Pursued the swallow o'er the meads

With scarce a slower flight.
It was the time when Ouse display'd

His lilies newly blown;
Their beauties I intent survey’d,

And one I wish'd my own.
With cane extended far I sought

To steer it close to land ;
But still the prize, though nearly caught,

Escaped my eager hand.
Beau mark'd my unsuccessful pains

With fix'd considerate face,
And puzzling set his puppy brains

To comprehend the case.
But with a cherup clear and strong,

Dispersing all his dream,
I thence withdrew, and follow'd long

The windings of the stream.
My ramble ended, I return'd;
Beau, trotting far before,

* Sir Robert Gunning's daughters.

The floating wreath again discern'd,

And plunging left the shore.
I saw him with that lily cropp'd

Impatient swim to meet
My quick approach, and soon he dropp'd

The treasure at my feet.
Charm'd with the sight, The world, I cried,

Shall hear of this thy deed :
My dog shall mortify the pride

Of man's superior breed;
But chief myself I will enjoin,

Awake at duty's call,
To show a love as prompt as thine

To Him who gives me all.

TO THE

IMMORTAL MEMORY OF THE HALIBUT, ON WHICH I DINED THIS DAY, MONDAY, APRIL 26, 1784. Where hast thou floated, in what seas pursued Thy pastime ? When wast thou an egg new spawn'd, Lost in the immensity of ocean's waste ? Roar as they might, the overbearing winds That rock'd the deep, thy cradle, thou wast safeAnd in thy minikin and embryo state, Attach'd to the firm leaf of some salt weed, Didst outlive tempests, such as wrung and rack'd The joints of many a stout and gallant bark, And whelm’d them in the unexplored abyss. Indebted to no magnet and no chart, Nor under guidance of the polar fire, Thou wast a voyager on many coasts, Grazing at large in meadows submarine, Where flat Batavia just emerging peeps Above the brine,—where Caledonia's rocks Beat back the surge,--and where Hibernia shoots Her wondrous Causeway far into the main. -Wherever thou hast fed, though little thought'st,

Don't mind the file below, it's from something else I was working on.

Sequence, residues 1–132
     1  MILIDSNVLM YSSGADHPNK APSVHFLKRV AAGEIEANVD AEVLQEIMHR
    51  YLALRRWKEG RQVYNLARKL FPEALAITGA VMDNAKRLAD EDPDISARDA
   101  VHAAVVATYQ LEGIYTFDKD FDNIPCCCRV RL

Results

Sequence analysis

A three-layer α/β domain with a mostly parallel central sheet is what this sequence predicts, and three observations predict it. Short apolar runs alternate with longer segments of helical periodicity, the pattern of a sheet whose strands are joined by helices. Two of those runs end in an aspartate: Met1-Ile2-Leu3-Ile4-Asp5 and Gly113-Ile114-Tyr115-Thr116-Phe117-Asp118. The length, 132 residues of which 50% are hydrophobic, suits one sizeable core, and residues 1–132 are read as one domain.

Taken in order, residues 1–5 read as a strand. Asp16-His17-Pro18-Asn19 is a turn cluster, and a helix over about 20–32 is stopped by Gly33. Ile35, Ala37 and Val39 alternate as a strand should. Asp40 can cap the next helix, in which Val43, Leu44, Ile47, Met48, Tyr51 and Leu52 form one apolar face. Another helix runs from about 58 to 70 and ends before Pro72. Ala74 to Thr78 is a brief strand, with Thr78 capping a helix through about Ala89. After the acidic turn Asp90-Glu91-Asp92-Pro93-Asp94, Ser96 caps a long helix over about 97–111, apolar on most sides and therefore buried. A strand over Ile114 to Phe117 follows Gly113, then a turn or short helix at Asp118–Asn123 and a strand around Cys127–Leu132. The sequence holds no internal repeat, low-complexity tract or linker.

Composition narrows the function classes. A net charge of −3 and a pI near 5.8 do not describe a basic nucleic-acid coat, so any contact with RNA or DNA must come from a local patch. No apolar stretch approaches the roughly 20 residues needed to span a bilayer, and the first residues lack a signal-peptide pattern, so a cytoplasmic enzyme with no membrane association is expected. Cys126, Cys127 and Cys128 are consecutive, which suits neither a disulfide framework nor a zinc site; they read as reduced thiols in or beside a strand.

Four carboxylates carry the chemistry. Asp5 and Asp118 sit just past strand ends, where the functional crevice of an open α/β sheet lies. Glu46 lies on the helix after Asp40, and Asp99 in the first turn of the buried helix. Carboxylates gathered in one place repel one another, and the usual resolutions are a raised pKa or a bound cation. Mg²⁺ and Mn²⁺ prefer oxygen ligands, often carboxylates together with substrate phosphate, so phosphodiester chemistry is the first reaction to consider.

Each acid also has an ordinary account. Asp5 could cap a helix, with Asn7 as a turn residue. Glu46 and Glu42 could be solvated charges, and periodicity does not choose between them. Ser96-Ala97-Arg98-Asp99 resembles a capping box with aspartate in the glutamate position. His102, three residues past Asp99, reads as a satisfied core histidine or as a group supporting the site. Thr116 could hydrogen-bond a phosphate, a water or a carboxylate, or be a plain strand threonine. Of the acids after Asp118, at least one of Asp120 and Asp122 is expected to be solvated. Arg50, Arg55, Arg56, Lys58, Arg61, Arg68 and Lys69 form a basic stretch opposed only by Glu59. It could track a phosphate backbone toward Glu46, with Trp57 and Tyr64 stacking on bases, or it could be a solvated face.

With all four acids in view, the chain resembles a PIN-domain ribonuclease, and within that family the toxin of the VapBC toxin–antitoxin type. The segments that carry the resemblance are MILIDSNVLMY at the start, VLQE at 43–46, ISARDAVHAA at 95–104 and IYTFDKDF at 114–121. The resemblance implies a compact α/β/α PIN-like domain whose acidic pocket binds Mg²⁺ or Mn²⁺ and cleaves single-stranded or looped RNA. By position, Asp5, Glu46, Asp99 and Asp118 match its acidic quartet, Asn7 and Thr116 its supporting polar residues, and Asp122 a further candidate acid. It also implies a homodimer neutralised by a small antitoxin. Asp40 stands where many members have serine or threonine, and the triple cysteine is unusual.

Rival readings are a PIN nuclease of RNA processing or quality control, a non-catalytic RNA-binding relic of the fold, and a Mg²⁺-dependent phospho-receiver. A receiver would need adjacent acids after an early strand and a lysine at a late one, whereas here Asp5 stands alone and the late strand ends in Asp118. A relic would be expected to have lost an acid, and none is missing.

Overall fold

And I not more, that I should feed on thee.
Peace, therefore, and good health, and much good fish,
To him who sent thee! and success, as oft
As it descends into the billowy gulf,
To the same drag that caught thee !-Fare thee well!
Thy lot thy brethren of the slimy fin
Would envy, could they know that thou wast doom'd
To feed a bard, and to be praised in verse.

GRATITUDE.

ADDRESSED TO LADY II ESKETH.

1786.
This cap, that so stately appears,

With ribbon-bound tassel on high,
Which seems by the crest that it rears

Ambitious of brushing the sky;
This cap to my Cousin I owe,

She gave it, and gave me beside,
Wreath'd into an elegant bow,

The ribbon with which it is tied.
This wheel-footed studying chair,

Contrived both for toil and repose,
Wide-elbow'd, and wadded with hair,

In which I both scribble and doze,
Bright-studded to dazzle the eyes,

And rival in lustre of that
In which, or astronomy lies,

Fair Cassiopeïa sat :
These carpets, so soft to the foot,

Caledonia's traffic and pride,
O spare them, ye knights of the boot,

Escaped from a cross-country ride!
This table and mirror within,

Secure from collision and dust,
At which I oft shave cheek and chin,

And periwig nicely adjust :